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The world and the planet need sacrificial love, which is why Ash Wednesday beats out Valentine's Day

This year’s convergence of Valentine’s Day and Ash Wednesday offers lessons about that long sought after four-letter word love.

On the one hand, Valentine’s Day—a commercialized feast in memory of a mysterious Christian martyr—is a day devoted to chocolates, flowers, and the romantic love shared by couples.

Ash Wednesday is the Christian entrance into Lent—a season of forty days devoted to prayer, abstinence, and almsgiving, all meant as spiritual preparation for Holy Week, which concludes with Good Friday and Easter. Ash Wednesday begins all this with a day of fasting, self-denial, and repentance.

Given the choice, chocolate and champagne sound more appealing. But for those of us in the Catholic Church, along with many other Christians, Ash Wednesday will take precedence this year. This is not because Christianity seeks to avoid human love. Quite the opposite. We seek to explore its depths and celebrate its ultimate, communal, and glorious end.

To begin understanding what that means, we first have to admit that English is a lousy language when it comes to love. It offers only one word to describe our relationship with and desire for things like pizza, the Patriots, the people in our lives, and God. We may...

Catholic eco-advocates should be raising our voices in condemnation of the US Senate's vote in favor of late-term abortions

The United States Senate failed on Monday to pass an act that would protect unborn children over twenty weeks old. Catholics across the nation were quick to denounce the Senate vote. In his statement, Cardinal Timothy M. Dolan of New York, chair of the U.S. Conference of Catholic Bishops' Committee on Pro-Life Activities called the Senate's failure to pass the Pain-Capable Unborn Child Protection Act "appalling." The question now is, will Catholic eco-advocates add their voice to the outrage?

Given the speed with which so many eco-centered Catholic advocacy groups rightfully post on social media and email their base about the administration’s assault on environmental protections and the Paris Climate Accord, it would be appropriate now to make noise about the Senate’s disregard for innocent human life.

Here’s why:

First: Pope Francis has been clear on the “integral” nature of abortion and ecology. So have his predecessors. If we are to be credible champions of Laudato Si’, then we must be equal-opportunity advocates for all issues that protect life.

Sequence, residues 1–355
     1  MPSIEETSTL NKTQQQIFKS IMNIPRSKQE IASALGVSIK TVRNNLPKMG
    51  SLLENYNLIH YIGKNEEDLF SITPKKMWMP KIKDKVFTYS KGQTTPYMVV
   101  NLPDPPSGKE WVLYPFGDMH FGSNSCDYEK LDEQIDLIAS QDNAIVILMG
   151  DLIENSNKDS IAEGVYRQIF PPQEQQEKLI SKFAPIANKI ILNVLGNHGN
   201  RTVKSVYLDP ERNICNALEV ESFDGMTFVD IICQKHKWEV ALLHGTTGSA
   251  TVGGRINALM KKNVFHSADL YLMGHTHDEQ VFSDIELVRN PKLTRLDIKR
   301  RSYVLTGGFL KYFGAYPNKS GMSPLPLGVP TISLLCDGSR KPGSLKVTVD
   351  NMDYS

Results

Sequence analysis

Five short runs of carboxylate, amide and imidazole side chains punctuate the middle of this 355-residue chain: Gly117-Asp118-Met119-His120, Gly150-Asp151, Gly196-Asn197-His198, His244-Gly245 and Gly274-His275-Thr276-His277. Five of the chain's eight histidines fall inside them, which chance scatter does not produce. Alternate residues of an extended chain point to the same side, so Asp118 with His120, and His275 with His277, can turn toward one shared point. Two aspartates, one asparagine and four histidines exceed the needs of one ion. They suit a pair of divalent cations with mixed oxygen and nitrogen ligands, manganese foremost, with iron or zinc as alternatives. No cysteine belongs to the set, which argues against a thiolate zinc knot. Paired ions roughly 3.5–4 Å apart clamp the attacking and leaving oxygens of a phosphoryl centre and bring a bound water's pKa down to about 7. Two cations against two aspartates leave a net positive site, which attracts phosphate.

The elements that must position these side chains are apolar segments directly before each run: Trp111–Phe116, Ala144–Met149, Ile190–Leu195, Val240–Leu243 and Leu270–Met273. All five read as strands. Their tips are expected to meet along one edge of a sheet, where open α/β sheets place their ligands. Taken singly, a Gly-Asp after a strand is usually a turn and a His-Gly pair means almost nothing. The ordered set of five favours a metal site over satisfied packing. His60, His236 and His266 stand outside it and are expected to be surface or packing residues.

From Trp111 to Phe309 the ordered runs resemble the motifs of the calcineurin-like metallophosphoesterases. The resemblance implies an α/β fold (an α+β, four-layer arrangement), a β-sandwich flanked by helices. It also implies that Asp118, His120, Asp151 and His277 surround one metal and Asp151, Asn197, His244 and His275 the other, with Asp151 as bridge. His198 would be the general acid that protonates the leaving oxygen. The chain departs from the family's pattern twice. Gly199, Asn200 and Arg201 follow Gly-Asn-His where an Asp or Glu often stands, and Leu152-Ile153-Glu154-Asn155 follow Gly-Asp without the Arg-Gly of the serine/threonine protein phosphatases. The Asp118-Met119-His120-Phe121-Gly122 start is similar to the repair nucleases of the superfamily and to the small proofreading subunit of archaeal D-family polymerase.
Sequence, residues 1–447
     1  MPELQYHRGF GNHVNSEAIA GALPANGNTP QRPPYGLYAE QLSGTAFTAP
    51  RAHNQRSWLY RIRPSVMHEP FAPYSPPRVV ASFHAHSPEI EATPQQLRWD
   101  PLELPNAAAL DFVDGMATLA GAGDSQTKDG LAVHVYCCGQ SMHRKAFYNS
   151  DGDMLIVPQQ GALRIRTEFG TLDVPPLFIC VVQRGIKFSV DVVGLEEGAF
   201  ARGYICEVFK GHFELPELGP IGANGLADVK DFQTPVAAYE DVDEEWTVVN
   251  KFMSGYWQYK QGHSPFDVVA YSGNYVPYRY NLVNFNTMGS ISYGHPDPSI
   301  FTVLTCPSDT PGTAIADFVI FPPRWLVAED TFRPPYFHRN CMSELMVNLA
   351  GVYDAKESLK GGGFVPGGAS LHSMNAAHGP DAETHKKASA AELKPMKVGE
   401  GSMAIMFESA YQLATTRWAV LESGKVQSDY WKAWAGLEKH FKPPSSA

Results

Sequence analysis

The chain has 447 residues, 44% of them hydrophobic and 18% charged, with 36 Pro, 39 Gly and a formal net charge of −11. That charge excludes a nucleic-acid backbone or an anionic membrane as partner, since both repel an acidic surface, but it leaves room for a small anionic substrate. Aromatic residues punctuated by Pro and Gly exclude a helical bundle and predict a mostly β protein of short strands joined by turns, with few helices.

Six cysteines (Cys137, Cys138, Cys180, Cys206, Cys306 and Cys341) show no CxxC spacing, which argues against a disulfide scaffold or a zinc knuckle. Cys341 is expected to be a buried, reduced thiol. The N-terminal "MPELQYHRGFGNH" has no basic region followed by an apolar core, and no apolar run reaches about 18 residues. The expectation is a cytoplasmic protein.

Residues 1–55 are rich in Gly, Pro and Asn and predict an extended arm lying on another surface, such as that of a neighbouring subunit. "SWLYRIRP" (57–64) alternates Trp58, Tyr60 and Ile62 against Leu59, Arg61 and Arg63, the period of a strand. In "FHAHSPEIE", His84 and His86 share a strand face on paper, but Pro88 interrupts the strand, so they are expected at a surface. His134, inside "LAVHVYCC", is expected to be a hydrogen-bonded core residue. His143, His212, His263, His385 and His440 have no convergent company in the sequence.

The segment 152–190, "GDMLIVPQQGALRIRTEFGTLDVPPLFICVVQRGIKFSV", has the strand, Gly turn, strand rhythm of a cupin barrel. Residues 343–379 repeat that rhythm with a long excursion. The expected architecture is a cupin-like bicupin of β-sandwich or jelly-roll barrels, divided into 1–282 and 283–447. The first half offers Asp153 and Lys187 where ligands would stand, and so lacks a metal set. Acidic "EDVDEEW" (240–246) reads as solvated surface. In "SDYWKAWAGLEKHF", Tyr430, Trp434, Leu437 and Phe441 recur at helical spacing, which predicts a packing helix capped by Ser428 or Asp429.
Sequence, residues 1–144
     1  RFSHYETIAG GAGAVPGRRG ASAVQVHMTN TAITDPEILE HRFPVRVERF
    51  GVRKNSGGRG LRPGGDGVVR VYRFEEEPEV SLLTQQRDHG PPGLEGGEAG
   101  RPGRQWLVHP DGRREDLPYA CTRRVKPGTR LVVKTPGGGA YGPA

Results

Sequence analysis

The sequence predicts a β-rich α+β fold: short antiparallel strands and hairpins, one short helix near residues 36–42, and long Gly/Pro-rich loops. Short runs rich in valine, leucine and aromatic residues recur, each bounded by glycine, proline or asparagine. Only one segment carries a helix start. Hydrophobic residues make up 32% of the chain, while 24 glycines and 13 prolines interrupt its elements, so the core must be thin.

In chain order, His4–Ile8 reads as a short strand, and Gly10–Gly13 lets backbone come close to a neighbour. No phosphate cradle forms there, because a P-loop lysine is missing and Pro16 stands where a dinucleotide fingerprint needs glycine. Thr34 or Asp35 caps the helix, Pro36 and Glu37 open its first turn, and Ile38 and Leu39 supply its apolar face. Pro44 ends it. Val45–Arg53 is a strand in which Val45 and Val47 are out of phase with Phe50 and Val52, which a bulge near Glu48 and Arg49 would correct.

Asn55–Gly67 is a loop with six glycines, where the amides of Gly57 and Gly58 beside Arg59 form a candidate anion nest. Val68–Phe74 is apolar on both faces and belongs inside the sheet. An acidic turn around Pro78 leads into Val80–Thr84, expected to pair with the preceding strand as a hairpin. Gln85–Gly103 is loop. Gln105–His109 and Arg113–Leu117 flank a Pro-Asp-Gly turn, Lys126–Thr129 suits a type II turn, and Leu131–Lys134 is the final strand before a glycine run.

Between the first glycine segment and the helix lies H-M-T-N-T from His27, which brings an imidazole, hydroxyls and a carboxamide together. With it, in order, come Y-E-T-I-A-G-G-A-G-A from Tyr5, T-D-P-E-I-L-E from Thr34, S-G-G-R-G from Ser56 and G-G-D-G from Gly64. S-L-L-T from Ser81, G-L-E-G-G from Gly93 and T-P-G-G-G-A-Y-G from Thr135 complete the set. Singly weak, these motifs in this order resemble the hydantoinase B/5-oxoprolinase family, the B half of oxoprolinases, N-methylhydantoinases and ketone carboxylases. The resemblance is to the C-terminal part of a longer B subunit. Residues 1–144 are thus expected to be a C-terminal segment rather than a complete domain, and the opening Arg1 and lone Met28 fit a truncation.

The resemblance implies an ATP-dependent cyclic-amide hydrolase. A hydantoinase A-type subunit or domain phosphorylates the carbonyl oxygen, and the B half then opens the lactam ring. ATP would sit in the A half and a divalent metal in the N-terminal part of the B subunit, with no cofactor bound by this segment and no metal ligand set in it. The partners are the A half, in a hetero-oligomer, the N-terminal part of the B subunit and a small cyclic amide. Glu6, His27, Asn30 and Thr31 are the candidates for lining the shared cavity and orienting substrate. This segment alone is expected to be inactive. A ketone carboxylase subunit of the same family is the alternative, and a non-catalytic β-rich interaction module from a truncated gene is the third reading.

Second: Standing alongside our brothers and sisters on the front lines of the abortion wars will go a long way to heal ugly and growing divides within...

Applications are being accepted for the Laudato Si’ Animators program, which helps individuals change the world one community at the time

If you watched Pope Francis in South America, you know the importance of bringing the gospel of life to every corner of the world. You saw the consequences—the joy and the inspiration it brought.

Right now, the Global Catholic Climate Movement is offering the opportunity for you to bring Laudato Si’ to your community—and they’ll give you all the tools and resources you need.

Don’t think you have the background to be an eco-missionary? Think again. The Laudato Si’ Animators program teaches participants about the science of climate change and some of its solutions, what the Church affirms and teaches about care for creation and, most importantly, how to put this knowledge into practice to solve the climate crisis.

To date, Laudato Si’ Animators have led anti-fracking protests, started care for creation groups, hosted community carbon-reduction training, and more. With all this activity, the GCCM considers their Animators to be “the heart and hands protecting our common home in communities around the world.”

You can apply now for the program, which will offer participants the following:

  • three training webinars
  • follow-up webinars and hands-on help to plan your community outreach
  • a final project for Earth
  • ...
The Holy Father’s address to Vatican diplomats integrates global challenges, and thus challenges both the world and political ideologues